(QldGovSpin) Queensland children a priority for 46 new child safety services

Submitted by Editor on Fri, 23/07/2004 - 16:28

Queensland children and families in rural and regional Queensland will receive targeted localised child protection services following the creation of 46 new child safety service centres and nine outreach offices across the state.

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Kens Comment: Betties political gang are suffering from the Narcistic Syndrome with a variation of Maunchausens syndrome thrown in.

This is not what a government is voted in for, so an ex-schoolteacher who has destroyed oppotunities for male teachers can "create" more jobs for unemployables while he destroys families.

"The childs best interest" is not even a principal of law, just a phrase abused by child stealers. Beattie, face me at any TV current affairs program and I'll set you straight on the few, forgotten legal principals your gang have had to ignore to "create departments".

Like it or not the child still belongs to the FATHER due to a law 6000 years old (Parens Partae) and is still in force.

Get out of the family and the house NOW, idiots, instead of assisting to destroy the whole civilisation.

"Smart State", You have to be joking, go see a junk science shrink. Bloody international arse licker!

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Child Safety, Mike Reynolds
childsafety@cabinet.qld.gov.au
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23/07/04

Minister for Child Safety Mike Reynolds today announced the 46 service centres would be the cornerstones of his department's landmark new decentralised organisational structure.

Mr Reynolds said the new structure provided broader service coverage than ever before and would make child protection service delivery more immediate, accessible and aligned with local communities.

"Reaching children and families that are most in need is the priority for the Department of Child Safety, and the new organisational arrangements for the agency reflect this focus," Mr Reynolds said.

"I am proud to announce a new decentralised service delivery organisation where children come first, as reflected in our new ethos, work practice, service delivery and regulatory standards," he said.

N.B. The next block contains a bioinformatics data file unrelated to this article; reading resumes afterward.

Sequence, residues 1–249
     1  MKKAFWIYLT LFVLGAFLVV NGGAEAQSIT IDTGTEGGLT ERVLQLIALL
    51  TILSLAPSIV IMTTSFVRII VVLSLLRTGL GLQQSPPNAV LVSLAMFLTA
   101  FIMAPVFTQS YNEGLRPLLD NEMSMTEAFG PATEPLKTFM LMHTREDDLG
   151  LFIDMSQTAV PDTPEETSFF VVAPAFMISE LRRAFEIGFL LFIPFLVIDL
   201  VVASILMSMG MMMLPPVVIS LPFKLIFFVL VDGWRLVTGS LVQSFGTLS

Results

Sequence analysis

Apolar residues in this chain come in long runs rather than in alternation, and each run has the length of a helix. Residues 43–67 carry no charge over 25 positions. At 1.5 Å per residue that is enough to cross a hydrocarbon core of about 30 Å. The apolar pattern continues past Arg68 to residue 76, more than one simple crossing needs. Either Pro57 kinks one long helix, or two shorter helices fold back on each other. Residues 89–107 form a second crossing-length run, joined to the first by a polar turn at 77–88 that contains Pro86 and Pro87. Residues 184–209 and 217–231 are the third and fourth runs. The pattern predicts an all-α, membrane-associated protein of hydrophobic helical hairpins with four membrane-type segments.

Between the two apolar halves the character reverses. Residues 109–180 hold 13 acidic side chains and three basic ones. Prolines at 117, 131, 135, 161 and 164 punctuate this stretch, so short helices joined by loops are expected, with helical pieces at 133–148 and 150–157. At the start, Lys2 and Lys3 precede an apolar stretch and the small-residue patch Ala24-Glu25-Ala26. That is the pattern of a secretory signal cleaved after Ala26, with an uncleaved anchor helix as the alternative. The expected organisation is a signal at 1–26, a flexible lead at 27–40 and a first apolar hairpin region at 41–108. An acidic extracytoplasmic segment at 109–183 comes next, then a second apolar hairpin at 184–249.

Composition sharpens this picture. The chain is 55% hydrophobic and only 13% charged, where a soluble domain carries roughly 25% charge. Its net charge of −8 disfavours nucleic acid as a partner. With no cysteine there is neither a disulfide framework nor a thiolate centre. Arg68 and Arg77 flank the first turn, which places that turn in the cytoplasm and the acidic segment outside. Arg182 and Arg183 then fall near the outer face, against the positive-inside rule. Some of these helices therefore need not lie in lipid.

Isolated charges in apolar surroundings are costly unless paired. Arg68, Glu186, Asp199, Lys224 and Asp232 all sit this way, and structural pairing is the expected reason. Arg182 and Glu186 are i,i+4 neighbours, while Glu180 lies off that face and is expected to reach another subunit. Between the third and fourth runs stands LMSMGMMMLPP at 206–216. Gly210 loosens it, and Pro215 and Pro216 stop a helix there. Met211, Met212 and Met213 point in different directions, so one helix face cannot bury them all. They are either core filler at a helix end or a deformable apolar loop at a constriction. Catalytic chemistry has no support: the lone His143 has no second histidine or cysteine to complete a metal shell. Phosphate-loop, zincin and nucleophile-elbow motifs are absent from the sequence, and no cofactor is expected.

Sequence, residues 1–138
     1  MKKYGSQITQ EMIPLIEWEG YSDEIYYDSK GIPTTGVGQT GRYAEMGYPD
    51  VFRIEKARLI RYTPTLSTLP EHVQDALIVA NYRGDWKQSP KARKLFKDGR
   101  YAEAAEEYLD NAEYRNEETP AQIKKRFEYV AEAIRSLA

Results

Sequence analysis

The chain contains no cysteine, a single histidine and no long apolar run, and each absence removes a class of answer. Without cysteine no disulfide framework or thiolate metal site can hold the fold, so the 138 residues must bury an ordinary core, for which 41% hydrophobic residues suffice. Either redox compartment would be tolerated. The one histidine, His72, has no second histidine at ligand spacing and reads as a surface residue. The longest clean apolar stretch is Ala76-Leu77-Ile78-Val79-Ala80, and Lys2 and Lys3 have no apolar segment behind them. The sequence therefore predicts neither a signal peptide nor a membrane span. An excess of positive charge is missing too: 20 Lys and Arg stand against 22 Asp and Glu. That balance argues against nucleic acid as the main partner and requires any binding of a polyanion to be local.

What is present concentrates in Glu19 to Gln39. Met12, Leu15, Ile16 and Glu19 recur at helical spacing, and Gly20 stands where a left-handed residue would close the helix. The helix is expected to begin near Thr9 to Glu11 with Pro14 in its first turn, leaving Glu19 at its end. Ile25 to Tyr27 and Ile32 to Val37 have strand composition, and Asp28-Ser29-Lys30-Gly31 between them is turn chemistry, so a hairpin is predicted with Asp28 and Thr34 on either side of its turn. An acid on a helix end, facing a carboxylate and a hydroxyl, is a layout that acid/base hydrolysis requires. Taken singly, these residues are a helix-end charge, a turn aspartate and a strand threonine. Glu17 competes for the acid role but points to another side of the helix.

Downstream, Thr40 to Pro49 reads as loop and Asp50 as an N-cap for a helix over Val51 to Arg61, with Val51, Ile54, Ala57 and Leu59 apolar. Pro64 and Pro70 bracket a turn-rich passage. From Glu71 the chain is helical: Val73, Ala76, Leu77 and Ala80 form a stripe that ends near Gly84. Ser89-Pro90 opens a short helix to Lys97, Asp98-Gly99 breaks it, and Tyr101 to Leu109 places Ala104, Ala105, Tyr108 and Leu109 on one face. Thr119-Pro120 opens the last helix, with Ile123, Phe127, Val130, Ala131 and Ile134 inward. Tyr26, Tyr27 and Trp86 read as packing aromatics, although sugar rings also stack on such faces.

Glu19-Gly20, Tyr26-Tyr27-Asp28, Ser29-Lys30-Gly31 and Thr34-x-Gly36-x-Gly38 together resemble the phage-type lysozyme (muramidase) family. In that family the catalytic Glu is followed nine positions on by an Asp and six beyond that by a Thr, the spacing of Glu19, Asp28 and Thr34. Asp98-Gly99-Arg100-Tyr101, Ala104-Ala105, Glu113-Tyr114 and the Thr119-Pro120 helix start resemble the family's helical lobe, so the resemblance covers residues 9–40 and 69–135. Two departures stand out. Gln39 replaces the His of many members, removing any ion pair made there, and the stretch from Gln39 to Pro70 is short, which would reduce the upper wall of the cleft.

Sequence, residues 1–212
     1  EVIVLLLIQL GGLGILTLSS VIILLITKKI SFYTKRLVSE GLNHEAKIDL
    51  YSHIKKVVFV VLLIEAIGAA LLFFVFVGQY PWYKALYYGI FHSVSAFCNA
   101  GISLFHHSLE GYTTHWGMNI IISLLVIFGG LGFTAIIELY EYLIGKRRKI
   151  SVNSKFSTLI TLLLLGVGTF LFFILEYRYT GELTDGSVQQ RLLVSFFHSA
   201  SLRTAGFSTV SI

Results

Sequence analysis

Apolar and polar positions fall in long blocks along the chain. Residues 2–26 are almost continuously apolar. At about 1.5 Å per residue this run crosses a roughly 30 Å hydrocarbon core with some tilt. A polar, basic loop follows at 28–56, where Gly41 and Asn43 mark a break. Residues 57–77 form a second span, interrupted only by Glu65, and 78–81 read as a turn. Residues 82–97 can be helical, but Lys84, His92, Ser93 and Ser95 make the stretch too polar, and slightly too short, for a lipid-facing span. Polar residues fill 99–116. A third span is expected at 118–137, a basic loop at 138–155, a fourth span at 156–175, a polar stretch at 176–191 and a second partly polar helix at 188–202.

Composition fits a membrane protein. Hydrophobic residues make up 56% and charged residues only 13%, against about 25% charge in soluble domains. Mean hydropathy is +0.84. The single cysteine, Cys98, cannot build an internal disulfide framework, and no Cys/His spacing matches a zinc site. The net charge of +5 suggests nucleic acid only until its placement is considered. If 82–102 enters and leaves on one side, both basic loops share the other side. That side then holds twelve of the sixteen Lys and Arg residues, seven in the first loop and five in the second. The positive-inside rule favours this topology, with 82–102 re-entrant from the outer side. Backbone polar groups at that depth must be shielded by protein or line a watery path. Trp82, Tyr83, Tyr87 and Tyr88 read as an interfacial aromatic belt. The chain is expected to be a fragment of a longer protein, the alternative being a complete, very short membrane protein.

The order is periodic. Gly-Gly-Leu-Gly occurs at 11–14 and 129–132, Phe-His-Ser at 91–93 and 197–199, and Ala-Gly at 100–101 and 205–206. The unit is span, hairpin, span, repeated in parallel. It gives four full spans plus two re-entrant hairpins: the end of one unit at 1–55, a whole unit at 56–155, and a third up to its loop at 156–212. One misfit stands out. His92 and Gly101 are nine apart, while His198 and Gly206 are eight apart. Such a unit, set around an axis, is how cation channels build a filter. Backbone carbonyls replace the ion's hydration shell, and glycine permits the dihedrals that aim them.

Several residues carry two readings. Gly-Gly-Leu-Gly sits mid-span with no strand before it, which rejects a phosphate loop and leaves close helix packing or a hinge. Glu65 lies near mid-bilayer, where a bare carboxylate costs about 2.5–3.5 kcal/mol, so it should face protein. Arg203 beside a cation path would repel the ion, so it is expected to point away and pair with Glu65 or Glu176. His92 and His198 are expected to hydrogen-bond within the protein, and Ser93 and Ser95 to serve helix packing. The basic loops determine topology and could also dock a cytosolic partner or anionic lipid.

"Importantly, all centralised functions aim to support regional service delivery outlets, rather than the other way around."

Following its inquiry earlier this year, the Crime and Misconduct Commission recommended a new child protection agency with a sharpened focus on the safety of children at risk of abuse or neglect.

Mr Reynolds said the changes taking place were not only structural, but also involved a fundamental shift in the culture, ethos and work practices of all staff.

He said the announcement of the organisation's new structure came on the heels of the conclusion of 248 transition, leadership and change facilitator workshops designed to bring about these key organisational changes.

"The final staff transition workshops, which have prepared staff for working in the new Department of Child Safety, were completed in Brisbane yesterday," Mr Reynolds said.

"More than 2,300 staff from the former Department of Families have completed the transition workshops over the last eight weeks and are now ready to tackle the big job ahead of them."

Mr Reynolds said in addition to its structural and cultural reforms, the Department was also committed to working in collaboration with its service delivery partners in other government agencies, non-government organisations and with communities throughout Queensland.

He said this meant removing unnecessary layers between the Department's direct service delivery offices and its partners, incorporating local planning processes, and sharpening its focus on relationship building.

Under the new structure, Queensland will be divided into seven zones - the Northern Zone, Far Northern Zone, Central Zone, Brisbane North and Sunshine Coast Zone, Logan and Brisbane West Zone and Ipswich and Western Zone.

"This new structure will focus on more frontline service delivery outlets providing high quality, consistent services, supported by a smaller number of zonal offices and working in closer partnership with non-government service providers," Mr Reynolds said.

"We have purposefully reduced the 11 regions of the former Department of Families to seven zones to reduce overheads. Key functional areas will exist at the closest service delivery point to the client.

"Service centres have been designed so that enough staff and resources are available to meet the child protection needs of each particular community.

"This means they will be able to undertake essential child protection work, as well as provide support services to the child, its family and alternative care providers including foster carers."

Additional centres will be established in Townsville, Cairns, Rockhampton, Sunshine Coast, Browns Plains, Ipswich, Toowoomba and on Brisbane's north side.

The Gold Coast and Logan will each receive two extra service centres to deliver child safety services to the growing populations in their region.

Mr Reynolds said the launch of the new organisational structure heralded the beginning of a new era for child protection in Queensland.

"Increased staff numbers and resources, combined with a new organisational structure focused solely on child safety will enable the state to provide better protection for Queensland children," he said.

The Department is expected to be fully operational by December this year.

For media information, phone Karla Steen on 0407 582 041 or
John Ross on 3224 7081

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